The initiative may face resistance from a banking sector worried that assets will be more conservatively priced, hitting bonuses and bumping up capital requirements. "Regulators don't have a benchmark for valuations at banks", said David Tweedie, chairman of the International Valuation Standards Council (IVSC), an independent, not-for-profit, private sector body which develops valuation standards. "Our job is to say that is how you arrive at the value. Let's agree a model. The big ones we should have done within two to three years", he told Reuters in an interview. Tweedie will start setting up this week a task force of regulators, standard-setters, rating agencies and accountants to look at big variations in values and the pricing methods used.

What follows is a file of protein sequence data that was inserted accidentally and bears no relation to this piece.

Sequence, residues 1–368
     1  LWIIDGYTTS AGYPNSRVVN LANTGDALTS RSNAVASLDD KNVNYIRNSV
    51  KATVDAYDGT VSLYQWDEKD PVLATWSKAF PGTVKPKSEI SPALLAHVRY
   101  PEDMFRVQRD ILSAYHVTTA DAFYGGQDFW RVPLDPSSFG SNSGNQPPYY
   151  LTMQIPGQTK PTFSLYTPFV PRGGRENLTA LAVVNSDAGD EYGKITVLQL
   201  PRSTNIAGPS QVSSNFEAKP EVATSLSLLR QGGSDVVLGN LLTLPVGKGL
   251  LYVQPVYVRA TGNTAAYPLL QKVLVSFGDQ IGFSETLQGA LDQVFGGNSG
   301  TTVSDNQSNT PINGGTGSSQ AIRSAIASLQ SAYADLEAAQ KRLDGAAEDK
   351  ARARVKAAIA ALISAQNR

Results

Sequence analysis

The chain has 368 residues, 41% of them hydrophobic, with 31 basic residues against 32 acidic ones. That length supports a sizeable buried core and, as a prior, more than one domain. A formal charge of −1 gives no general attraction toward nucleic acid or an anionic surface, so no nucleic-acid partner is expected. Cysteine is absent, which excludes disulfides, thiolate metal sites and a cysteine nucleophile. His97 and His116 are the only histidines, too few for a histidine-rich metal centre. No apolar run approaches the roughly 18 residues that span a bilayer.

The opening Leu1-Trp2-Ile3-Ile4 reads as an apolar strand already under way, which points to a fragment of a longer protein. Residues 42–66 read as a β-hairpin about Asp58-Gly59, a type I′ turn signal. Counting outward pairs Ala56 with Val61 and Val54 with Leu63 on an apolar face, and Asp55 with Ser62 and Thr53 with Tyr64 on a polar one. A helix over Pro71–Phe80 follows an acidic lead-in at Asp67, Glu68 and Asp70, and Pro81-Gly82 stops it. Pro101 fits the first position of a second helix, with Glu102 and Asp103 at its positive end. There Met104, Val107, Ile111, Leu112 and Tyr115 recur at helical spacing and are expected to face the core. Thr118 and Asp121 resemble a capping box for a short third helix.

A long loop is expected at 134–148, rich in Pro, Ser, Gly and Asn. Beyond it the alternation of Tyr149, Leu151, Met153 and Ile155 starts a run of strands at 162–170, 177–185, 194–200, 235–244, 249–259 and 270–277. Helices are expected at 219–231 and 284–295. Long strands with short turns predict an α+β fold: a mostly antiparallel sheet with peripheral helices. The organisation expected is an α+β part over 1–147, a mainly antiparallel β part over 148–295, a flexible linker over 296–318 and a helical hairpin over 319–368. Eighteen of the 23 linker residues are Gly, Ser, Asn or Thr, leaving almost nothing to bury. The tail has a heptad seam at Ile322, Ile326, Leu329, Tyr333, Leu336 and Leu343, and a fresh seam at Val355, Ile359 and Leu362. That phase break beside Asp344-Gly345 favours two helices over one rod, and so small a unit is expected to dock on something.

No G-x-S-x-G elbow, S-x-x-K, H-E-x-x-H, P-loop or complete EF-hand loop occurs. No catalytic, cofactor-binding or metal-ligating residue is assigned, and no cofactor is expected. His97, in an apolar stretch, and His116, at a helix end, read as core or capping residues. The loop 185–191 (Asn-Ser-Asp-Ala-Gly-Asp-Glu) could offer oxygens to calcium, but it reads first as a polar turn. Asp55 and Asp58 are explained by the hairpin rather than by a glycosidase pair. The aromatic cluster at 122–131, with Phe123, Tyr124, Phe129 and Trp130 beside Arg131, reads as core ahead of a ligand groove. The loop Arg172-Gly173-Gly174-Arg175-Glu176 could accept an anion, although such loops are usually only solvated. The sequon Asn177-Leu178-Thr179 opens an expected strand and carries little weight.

Accounting rules set out when an asset is priced at the going rate, known as mark-to-market, but give little guidance on exactly how that information should be applied in a company's accounts - especially if there is no market. "The key one will be derivatives and how to deal with them when there is not a market. We could get resistance as this could affect bonuses and capital buffers", Tweedie said.
Iain Coke, head of faculty at the ICAEW, an accounting body, said a new rule would be a complex undertaking as how an asset is valued often depends on the valuer's point of view. "If you are a regulator worried about whether the bank has enough capital then you may well have a particular bias to prudence, while for financial reporting it's aimed at being more neutral, neither over or understating values", Coke said.
"You can have a range of values even under a single accounting standard, which suggests it's going to be a difficult task. It's an ambitious agenda and we hope they are not going to be pushing too fast", Coke said.
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